Roger Fingas / Android Authority
🌞 Hello! Alright, my penultimate day here on the newsletter! No tears!
👉 A new thing I’ll be doing is working with TechAltar on their YouTube tech videos, mostly focused on The Friday Checkout Channel. Exciting!
Amazon’s re:Mars conference (Mars stands for Machine learning, Automation, Robotics, Space) has been talking for a few days about innovation and robots etc.
The latest headline came from Senior Vice President of Alexa, Rohit Prasad, who showcased a new voice assistant capability: the ability to mimic voices. Specifically, dead voices.
- Prasad, during a presentation at the conference, points out that empathy is a big part of Alexa, saying, “So many of us have lost someone we love. While AI can’t take away that pain of loss,” he said, “it certainly can make the memories last.”
- A video then plays showing Alexa reading to a youngster, apparently in her grandmother’s voice, saying “Can grandma finish reading The Wizard of Oz to me?” After saying “OK”, Alexa continues to speak in the child’s grandmother’s voice.
- The sequence is taking place at this stage of the conference.
- So maybe Amazon just came up with an idea, right? There is no timetable provided.
- But an Amazon spokesperson said Engadget that the new skill “can create a synthetic voiceprint after being trained on as little as one minute of audio”.
- Engadget also helpfully points out that fake deep audio tools are problematic for things like… scams!
- “Voice cloning software has enabled a number of crimes, such as a 2020 incident in the United Arab Emirates where fraudsters tricked a bank manager into transferring $35 million after impersonating a bank manager. But fake deep audio crimes are still relatively unusual, and the tools available to scammers are, for now, relatively primitive.
- And remember when that documentary about chef Anthony Bourdain’s life used AI to clone his voice, reading the emails he sent?
- Few people were fans of it.
- Listen, there are humane, interesting, and possibly enjoyable ways to do this to help people.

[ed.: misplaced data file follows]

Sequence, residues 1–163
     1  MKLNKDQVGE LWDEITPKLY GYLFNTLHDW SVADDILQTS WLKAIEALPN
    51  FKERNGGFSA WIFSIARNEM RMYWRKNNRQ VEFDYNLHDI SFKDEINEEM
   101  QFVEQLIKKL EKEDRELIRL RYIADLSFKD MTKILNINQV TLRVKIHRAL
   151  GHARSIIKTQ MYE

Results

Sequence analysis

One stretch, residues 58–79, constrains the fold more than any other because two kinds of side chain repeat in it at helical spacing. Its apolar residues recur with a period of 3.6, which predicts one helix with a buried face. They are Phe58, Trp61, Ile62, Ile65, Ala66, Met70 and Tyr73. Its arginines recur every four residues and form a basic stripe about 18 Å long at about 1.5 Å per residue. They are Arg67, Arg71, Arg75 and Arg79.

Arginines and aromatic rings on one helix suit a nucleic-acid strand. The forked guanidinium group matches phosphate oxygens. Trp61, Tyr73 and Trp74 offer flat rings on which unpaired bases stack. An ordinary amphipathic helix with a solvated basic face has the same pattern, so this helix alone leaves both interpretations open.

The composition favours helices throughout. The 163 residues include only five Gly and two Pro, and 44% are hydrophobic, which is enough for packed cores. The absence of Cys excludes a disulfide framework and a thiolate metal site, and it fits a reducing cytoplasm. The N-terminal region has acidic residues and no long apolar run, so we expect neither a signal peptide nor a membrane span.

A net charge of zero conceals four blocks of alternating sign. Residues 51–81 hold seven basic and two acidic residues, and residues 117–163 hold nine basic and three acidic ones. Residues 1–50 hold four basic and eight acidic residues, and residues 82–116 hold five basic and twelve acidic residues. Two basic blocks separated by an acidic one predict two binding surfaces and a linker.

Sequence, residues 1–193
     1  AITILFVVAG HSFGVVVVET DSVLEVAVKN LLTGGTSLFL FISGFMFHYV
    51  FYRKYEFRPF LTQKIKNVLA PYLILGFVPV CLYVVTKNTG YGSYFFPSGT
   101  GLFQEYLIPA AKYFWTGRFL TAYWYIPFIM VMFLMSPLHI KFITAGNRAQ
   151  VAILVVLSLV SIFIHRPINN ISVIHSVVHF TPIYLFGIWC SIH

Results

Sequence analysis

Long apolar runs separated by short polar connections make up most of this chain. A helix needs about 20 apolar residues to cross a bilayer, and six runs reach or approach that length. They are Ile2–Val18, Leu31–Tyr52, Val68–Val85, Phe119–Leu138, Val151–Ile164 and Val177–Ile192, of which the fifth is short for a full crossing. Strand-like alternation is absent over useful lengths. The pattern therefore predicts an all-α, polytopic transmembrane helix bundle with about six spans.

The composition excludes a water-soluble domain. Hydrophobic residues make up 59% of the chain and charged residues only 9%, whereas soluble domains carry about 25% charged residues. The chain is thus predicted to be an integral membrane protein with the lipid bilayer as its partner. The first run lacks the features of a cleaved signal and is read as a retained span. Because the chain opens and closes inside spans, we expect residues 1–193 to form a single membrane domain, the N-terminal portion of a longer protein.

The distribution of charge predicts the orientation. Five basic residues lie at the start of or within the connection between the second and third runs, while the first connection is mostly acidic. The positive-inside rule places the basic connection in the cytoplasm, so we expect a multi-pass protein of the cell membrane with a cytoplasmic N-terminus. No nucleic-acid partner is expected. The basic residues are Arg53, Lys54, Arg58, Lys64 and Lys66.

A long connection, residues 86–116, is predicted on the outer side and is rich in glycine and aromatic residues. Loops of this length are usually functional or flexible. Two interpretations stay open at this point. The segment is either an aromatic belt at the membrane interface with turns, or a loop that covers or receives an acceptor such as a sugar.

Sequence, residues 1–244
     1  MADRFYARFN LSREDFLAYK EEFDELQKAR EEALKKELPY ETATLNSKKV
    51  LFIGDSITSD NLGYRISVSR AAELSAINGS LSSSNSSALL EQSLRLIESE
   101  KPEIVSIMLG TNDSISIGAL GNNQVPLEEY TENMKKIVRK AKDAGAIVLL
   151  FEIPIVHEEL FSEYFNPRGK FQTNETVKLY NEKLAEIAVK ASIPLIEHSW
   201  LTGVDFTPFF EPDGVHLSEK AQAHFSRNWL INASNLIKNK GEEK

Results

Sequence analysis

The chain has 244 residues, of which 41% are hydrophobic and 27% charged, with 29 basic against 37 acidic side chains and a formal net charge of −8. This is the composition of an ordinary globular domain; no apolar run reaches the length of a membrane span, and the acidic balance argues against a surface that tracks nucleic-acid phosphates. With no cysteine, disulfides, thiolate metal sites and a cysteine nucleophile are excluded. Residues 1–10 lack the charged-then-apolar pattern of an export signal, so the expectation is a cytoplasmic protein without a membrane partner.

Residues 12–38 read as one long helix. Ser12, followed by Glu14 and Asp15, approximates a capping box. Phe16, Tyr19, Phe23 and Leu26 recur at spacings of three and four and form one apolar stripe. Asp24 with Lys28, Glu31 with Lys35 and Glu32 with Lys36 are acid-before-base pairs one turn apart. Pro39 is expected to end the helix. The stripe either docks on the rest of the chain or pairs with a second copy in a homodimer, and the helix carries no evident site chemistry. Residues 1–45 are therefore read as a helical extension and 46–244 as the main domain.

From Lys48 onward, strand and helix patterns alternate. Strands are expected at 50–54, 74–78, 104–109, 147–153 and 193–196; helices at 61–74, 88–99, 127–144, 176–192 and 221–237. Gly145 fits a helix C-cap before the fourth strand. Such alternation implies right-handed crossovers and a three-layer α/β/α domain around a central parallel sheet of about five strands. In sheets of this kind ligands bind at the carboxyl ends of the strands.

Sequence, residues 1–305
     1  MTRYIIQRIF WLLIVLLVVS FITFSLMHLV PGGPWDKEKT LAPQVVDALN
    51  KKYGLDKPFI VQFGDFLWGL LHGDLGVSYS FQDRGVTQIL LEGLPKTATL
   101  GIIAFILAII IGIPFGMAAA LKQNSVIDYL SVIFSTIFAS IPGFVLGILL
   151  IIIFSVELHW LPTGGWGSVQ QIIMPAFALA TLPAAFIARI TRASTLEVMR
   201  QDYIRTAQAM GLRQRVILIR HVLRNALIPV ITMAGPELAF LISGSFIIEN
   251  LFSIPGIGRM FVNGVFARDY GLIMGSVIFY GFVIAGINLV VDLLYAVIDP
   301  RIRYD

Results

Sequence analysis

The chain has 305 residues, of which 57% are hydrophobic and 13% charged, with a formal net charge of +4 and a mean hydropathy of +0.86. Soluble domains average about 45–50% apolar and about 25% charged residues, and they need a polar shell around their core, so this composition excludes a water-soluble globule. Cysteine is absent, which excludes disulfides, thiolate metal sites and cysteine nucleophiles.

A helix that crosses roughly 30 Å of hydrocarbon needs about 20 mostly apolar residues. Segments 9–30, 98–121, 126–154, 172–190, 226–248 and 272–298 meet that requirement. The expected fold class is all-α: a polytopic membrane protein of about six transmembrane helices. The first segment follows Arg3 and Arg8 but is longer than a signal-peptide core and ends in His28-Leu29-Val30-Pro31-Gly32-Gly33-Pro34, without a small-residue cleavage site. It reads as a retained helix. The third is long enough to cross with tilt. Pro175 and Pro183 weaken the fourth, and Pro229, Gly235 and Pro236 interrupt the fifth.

- I don’t think anyone really wants their dead relative to tell you what time it is or set alarms.
- But maybe for some people looking for comfort in certain situations, it might be nice.
- Of course, there’s also the scary stuff, and a lot of tech struggles with the same problem: cool ideas that also have big potential downsides.
- Another example is Microsoft stops selling technology who could accurately guess someone’s emotion based on a facial image.
- There are legitimate and interesting use cases that could generally help some people, as well as many problematic issues.
🔊 Amazon’s new feature Alexa mimics the voice of a deceased person with just one minute of audio. If you want it – Amazon says it’s to make the memories last (Android authorities).
📸 Samsung’s latest 200MP sensor is smaller than the Pixel 6’s 50MP camera: this will make the camera modules smaller, but likely performance sacrifices (Android authorities).
🍎 Apple MacBook Pro 13 (2022) review: Apple put a 2022 processor in a 2016 computer, including the tired old webcam. The key point is that the review unit sent by Apple costs $1,899, “whereas a 14-inch MacBook Pro M1 model with these RAM and storage specs would cost $2,199”, and that 14-inch is the much better MacBook Pro. Plus, the new MacBook Air is coming soon! (Edges).
Oh hey, I think this might be the last Throwback Thursday!
- After about four years of flashbacks, we’ve reached a bit of a limit where things from the past, like Tetris, Pac-Man, Gameboys, the first iPods, iPhones, Galaxy phones, the first mouse, patents, etc., and various marvelous inventions that we now take for granted, have all been overhauled.
- So new ideas are needed.
With the Daily Authority In new hands, the special inclusion of Thursday’s newsletter could take on a new form.
I nominated “Thursday Thing” just to open up some freedom to all things cool:
Bravo, and see you tomorrow with a few final thoughts before leaving,
Tristan Rayner, editor.